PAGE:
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(Referência obtida automaticamente do Web of Science, por meio da informação sobre o financiamento pela FAPESP e o número do processo correspondente, incluída na publicação pelos autores.)

Sleep, ageing and night work

Texto completo
Autor(es):
Pires, M. L. N. [1] ; Teixeira, C. W. [2, 3] ; Esteves, A. M. [2, 3] ; Bittencourt, L. R. A. [2, 3] ; Silva, R. S. [3, 2] ; Santos, R. F. [3] ; Tufik, S. [2, 3] ; Mello, M. T. [3, 2]
Número total de Autores: 8
Afiliação do(s) autor(es):
[1] Univ Estadual Paulista, Dept Psicol Expt & Trabalho, Assis, SP - Brazil
[2] Ctr Estudo Multidisciplinar Sonolencia & Acidente, Sao Paulo - Brazil
[3] Univ Fed Sao Paulo, Escola Paulista Med, Dept Psicobiol, BR-04020060 Sao Paulo - Brazil
Número total de Afiliações: 3
Tipo de documento: Artigo Científico
Fonte: Brazilian Journal of Medical and Biological Research; v. 42, n. 9, p. 839-843, SEP 2009.
Citações Web of Science: 12
Resumo

Studies have shown that the frequency or worsening of sleep disorders tends to increase with age and that the ability to perform circadian adjustments tends to decrease in individuals who work the night shift. This condition can cause consequences such as excessive sleepiness, which are often a factor in accidents that occur at work. The present study investigated the effects of age on the daytime and nighttime sleep patterns using polysomnography (PSG) of long-haul bus drivers working fixed night or day shifts. A total of 124 drivers, free of sleep disorders and grouped according to age (< 45 years, N = 85, and >= 45 years, N = 39) and PSG timing (daytime (D) PSG, N = 60; nighttime (N) PSG, N = 64) participated in the study. We observed a significant effect of bedtime (D vs N) and found that the length of daytime sleep was shorter {[}D: < 45 years (336.10 +/- 73.75 min) vs N: < 45 years (398 +/- 78.79 min) and D: >= 45 years (346.57 +/- 43.17 min) vs N: >= 45 years (386.44 +/- 52.92 min); P <= 0.05]. Daytime sleep was less efficient compared to nighttime sleep {[}D: < 45 years (78.86 +/- 13.30%) vs N: < 45 years (86.45 +/- 9.77%) and D: >= 45 years (79.89 +/- 9.45%) and N: >= 45 years (83.13 +/- 9.13%); P <= 0.05]. An effect of age was observed for rapid eye movement sleep {[}D: < 45 years (18.05 +/- 6.12%) vs D: >= 45 years (15.48 +/- 7.11%) and N: < 45 years (23.88 +/- 6.75%) vs N: >= 45 years (20.77 +/- 5.64%); P <= 0.05], which was greater in younger drivers. These findings are inconsistent with the notion that older night workers are more adversely affected than younger night workers by the challenge of attempting to rest during the day. (AU)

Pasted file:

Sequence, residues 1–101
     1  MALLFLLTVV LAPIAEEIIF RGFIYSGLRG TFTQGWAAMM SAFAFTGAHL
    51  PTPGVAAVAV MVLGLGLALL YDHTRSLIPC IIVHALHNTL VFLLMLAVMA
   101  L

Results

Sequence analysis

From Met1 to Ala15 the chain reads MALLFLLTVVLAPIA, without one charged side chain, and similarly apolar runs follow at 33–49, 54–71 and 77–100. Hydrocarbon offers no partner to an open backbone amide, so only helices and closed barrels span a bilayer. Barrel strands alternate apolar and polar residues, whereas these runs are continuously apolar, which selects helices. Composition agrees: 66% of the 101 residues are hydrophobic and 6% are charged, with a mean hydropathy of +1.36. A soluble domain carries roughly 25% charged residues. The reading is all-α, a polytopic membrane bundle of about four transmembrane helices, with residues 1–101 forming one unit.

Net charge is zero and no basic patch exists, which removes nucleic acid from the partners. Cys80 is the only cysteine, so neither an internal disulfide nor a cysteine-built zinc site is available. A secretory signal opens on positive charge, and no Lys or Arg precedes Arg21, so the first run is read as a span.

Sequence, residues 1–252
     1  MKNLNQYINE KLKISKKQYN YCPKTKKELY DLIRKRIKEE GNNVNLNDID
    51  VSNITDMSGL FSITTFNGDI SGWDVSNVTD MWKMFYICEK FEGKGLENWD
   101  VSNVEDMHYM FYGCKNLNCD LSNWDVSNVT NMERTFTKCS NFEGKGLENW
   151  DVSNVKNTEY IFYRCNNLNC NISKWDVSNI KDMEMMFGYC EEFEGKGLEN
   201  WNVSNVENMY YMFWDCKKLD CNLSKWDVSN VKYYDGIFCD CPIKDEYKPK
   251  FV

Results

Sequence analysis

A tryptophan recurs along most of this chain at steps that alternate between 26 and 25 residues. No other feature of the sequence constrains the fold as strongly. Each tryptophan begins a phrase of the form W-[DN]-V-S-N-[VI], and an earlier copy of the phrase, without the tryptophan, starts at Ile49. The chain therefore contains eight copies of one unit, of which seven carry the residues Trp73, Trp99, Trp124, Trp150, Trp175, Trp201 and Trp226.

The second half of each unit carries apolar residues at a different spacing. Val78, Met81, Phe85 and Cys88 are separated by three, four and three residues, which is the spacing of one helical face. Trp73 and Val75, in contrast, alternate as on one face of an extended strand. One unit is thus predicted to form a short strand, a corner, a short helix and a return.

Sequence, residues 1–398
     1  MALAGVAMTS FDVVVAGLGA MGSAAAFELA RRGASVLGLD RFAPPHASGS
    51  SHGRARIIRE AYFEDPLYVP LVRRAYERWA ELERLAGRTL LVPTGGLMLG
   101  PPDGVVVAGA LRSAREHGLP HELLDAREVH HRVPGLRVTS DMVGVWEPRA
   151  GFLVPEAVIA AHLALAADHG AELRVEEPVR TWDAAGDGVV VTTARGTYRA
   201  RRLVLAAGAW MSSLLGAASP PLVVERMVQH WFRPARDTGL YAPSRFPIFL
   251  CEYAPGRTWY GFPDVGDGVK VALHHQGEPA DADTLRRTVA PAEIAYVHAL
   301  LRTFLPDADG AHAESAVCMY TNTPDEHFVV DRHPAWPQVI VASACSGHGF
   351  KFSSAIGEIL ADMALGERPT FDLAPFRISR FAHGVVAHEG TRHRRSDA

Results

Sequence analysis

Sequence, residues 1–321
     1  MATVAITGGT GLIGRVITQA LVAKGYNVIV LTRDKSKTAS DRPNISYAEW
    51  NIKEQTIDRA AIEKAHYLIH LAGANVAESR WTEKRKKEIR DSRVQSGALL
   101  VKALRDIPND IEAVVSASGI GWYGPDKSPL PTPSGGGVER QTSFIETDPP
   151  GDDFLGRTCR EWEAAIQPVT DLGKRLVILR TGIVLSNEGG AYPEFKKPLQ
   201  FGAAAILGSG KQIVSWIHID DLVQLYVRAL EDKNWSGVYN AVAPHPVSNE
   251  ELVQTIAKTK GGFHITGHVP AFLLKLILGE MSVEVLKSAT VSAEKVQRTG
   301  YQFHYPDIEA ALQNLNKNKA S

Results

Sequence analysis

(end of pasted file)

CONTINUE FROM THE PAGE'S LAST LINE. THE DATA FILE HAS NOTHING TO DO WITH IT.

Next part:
Processo FAPESP: 98/14303-3 - Center for Sleep Studies
Beneficiário:Sergio Tufik
Linha de fomento: Auxílio à Pesquisa - Centros de Pesquisa, Inovação e Difusão - CEPIDs